Ten of which are of “particular significance,” according to the bipartisan commission.
Preventing Chinese state-owned enterprises from acquiring American companies led the list of 20 recommendations the U.S.-China Economic and Security Review Commission offered to Congress in its 2016 annual report, which was released this week.
The commission also urged Congress to direct the Government Accountability Office to examine the impact of outsourcing on the defense industrial base, enact legislation to ensure Congress has a say in China’s market economy status and require that Chinese state-owned enterprises cannot have standing under U.S. laws to block an unfair trade case from proceeding.
The commission is required by law to present an annual report to Congress, and it is the 14th time that it has done so. But the commission’s recommendations seem particularly timely this year, given the role that trade issues with China played in the 2016 election.
Commissioners pushed Congress to get tougher on China overall, particularly on economic and trade issues. They noted:
China’s actions in the economic, foreign policy, and military realms suggest China’s leaders have decided the time has come for China to leave behind its long-held strategy, espoused by Deng Xiaoping, of ‘hide your strength, bide your time.’ China is showing itself to the world now, and the outcome is not what many had hope for 15 years ago when the country was welcomed into the WTO and the global economic system.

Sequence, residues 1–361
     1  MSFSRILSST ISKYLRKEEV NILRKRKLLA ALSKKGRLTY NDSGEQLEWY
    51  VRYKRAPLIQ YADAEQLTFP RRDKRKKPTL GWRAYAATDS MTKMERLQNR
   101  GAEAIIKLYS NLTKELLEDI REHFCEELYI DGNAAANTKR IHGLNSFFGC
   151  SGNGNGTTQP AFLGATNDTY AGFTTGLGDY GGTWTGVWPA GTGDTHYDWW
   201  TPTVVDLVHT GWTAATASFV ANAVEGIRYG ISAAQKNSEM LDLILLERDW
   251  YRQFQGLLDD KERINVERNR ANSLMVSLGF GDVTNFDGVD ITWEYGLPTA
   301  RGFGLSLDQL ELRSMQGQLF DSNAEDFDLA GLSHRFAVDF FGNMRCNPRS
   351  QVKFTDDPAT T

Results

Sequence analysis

Other top recommendations from the commission include taking steps to strengthen U.S. high-tech industries such as artificial intelligence, autonomous vehicles and semiconductors; ensuring U.S. government agencies have sufficient personnel, funding and Chinese-language capabilities to study China’s trade policies and commitments; and examining U.S. access to China’s domestic market. In addition, the commission had several recommendations deisgned to address rising tensions over the South China Sea.